- Bobo Newsom: Baseball's Traveling Man by Jim McConnell
When authors undertake a biography they often become a mouthpiece for a person who the author feels is vastly underappreciated. Moreover, in becoming that mouthpiece, they sometimes fall short in presenting a well-rounded work because of a loss of objectivity. That is certainly the case with Jim McConnell's treatment of Bobo Newsom.
On one hand, McConnell, who is a reporter for the Pasadena Star-News and a two-time winner of the SABR Research Award, does present an insightful look into the life and times of the consummate baseball journeyman pitcher. Because of this, readers will learn how Newsom was a pitcher who was traded [End Page 228] fourteen times in twenty years and had patches of success during that time that made him a wanted commodity and a sometime national star. Moreover, they will learn that Newsom was capable of unabashed self-promotion. His number-one rule, according to McConnell, was, "Never tell the truth when a lie will get you more attention" (3). Thirdly, the reader will see that tied to his talent and his self-boosterism, Newsom had an infinite belief in his own abilities. This allowed him to never be ashamed to ask for a raise from his employers despite mixed results on the field. These traits combined to make Newsom one of the most remembered men in his corner of South Carolina thanks in large part to friends and family who keep his story alive.
On the other hand, despite the good insight that comes from his work, McConnell's staunch opinion, often grounded in unsupported statements of perceived fact, that Newsom is a player of who deserves Hall of Fame consideration because of his playing ability and his willingness to fight for expanded players' rights, detracts from all the good that he does.
It is true that every author has the ability and the obligation to give their opinion on why their subject is historically important. However, that opinion should be grounded in a certain degree of fundamental fact. McConnell's opinions on Newsom being worthy of induction into Cooperstown are largely not. For instance, McConnell points out that "there have only been a handful of All-Star caliber pitchers who were able to extend their Major League careers beyond 20 years, and with few exceptions all are in the Hall of Fame except Newsom" (5). The problem is, he doesn't tell the reader who these pitchers are, so his point becomes pure speculation unless the reader feels like doing some research of their own.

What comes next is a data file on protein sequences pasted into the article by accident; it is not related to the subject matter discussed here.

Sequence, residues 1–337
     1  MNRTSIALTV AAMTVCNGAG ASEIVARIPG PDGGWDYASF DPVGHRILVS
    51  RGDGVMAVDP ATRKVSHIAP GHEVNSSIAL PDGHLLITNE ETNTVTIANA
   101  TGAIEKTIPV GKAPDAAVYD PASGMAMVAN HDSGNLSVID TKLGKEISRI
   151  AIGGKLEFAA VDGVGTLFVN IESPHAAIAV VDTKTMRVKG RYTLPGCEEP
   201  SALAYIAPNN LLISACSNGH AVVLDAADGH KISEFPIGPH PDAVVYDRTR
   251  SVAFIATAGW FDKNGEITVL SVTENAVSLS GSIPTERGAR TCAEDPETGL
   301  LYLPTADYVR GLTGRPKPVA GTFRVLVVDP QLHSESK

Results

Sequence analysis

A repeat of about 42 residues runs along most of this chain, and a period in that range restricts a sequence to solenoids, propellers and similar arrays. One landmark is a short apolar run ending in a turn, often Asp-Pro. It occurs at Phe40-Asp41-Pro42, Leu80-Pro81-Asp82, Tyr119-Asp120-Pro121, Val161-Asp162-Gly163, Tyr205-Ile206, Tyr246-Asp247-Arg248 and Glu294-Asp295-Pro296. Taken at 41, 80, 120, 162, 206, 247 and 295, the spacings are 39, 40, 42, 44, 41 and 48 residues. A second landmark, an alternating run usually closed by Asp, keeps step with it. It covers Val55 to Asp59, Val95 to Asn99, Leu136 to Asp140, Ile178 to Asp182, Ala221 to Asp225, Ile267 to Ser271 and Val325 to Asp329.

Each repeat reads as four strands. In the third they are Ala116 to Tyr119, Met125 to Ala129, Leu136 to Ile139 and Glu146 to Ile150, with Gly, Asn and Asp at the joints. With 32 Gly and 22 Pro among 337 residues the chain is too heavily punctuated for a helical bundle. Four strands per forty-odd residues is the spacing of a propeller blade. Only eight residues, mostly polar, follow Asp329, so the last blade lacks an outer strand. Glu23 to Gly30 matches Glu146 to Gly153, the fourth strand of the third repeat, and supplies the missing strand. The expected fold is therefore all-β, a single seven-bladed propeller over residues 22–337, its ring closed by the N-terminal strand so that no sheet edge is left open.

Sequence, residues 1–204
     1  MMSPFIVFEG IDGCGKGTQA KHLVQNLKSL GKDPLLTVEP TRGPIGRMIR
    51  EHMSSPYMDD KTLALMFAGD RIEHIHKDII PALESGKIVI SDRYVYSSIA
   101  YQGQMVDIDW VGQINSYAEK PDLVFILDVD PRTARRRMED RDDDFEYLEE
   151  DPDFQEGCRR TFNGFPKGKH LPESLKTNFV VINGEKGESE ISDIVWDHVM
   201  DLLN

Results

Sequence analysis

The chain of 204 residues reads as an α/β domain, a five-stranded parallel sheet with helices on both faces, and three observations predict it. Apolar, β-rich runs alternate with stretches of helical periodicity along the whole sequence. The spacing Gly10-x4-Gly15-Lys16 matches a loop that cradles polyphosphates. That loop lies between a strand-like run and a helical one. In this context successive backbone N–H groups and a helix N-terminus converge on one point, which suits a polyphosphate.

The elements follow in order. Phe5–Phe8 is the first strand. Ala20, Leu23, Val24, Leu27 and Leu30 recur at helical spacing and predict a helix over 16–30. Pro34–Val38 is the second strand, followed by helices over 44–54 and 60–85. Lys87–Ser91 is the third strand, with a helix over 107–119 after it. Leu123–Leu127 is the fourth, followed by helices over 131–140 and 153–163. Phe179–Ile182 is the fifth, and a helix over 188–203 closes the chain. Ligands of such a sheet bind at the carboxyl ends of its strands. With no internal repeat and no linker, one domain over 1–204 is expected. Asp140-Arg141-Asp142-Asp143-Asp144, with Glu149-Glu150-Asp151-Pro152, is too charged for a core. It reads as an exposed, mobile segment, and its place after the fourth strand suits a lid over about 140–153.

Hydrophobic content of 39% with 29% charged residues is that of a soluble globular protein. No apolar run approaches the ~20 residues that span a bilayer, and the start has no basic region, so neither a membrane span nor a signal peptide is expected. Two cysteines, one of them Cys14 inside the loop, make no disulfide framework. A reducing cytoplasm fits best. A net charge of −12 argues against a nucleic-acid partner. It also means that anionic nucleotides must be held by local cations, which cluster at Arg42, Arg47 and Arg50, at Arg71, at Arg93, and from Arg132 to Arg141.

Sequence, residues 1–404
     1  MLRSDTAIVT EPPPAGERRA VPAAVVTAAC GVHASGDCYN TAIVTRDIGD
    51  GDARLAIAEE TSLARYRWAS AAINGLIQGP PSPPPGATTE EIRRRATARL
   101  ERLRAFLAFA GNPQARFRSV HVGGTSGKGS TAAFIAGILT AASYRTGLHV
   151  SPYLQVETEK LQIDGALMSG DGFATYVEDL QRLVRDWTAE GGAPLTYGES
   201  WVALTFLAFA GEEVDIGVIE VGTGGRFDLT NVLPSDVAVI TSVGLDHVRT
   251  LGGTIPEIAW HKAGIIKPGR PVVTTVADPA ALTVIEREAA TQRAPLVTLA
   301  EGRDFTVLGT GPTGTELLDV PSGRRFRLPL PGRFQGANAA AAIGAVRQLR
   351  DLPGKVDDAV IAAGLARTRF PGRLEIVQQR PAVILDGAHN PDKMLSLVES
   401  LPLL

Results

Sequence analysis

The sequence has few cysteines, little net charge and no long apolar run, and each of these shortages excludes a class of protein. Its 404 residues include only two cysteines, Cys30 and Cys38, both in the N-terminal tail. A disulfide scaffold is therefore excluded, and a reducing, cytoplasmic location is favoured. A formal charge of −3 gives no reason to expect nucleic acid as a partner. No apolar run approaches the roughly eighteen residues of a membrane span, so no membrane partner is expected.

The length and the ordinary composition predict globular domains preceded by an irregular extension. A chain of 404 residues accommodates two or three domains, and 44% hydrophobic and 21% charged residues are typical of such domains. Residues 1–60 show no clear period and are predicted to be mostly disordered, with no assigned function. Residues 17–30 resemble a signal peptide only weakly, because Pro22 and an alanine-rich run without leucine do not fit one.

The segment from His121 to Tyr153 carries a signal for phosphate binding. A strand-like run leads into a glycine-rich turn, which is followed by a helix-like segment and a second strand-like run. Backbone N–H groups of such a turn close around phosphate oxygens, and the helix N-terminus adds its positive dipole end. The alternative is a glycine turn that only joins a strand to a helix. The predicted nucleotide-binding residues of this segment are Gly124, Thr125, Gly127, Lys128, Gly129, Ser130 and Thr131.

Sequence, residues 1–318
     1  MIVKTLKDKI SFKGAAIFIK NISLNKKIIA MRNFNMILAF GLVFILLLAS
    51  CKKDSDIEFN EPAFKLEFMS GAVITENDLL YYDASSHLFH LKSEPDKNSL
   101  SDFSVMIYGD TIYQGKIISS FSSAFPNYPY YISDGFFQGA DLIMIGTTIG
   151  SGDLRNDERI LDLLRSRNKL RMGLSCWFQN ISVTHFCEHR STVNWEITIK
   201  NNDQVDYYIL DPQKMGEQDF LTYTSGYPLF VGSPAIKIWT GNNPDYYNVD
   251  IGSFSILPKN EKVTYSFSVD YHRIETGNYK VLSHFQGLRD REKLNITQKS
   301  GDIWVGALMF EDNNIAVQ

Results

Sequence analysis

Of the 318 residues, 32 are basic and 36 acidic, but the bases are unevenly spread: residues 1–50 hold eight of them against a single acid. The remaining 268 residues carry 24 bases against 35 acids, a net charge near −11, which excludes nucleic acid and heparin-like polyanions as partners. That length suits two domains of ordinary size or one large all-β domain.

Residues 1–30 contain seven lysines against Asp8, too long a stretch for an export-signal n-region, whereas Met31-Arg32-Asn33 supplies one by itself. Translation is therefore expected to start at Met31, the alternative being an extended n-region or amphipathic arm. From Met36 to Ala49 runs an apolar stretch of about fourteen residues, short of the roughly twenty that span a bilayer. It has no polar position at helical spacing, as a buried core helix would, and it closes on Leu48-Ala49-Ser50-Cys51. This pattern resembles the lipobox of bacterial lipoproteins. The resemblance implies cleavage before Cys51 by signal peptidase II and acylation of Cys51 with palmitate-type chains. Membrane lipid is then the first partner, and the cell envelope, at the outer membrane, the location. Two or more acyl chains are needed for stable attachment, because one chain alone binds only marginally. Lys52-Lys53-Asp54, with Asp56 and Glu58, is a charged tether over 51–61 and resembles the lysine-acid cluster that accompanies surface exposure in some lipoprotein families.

McConnell even comes up short when he does ground an argument in fact. In this case, he argues that Newsom and Dizzy Dean were virtually the same person. Both had a braggadocios side. Both were great pitchers. To McConnell if there was a difference, "Dean might have had a slight edge in ability, but Newsome had him beat nine ways to hell in terms of durability" (5). At face value, this is a true statement. Both men were prone to boosterisim and often played the hayseed to cause the press to underestimate them. McConnell is even correct in his assessment that Dean was skilled and Newsom's career was grounded in longevity. Where he misses the mark is that longevity equals pitching excellence. It is true that Newsome would win 211 games in his twenty-year career. Meanwhile Dean won 130 in twelve years. These simple numbers belie one huge fact however. Newsom also lost 222. Moreover, when modern statistical information is taken into account, Newsom does not show any better. For much of his career, his Wins Above Replacement would make [End Page 229] him an average starter on average teams. Not a hall of famer. Dean, on the other hand, was an all-star.
Overall, however, this should not totally cloud McConnell's work. The strength of the book lies in the fact that McConnell does a fine job of showing the vagabond side of professional baseball. Therefore, if the reader is looking for insight...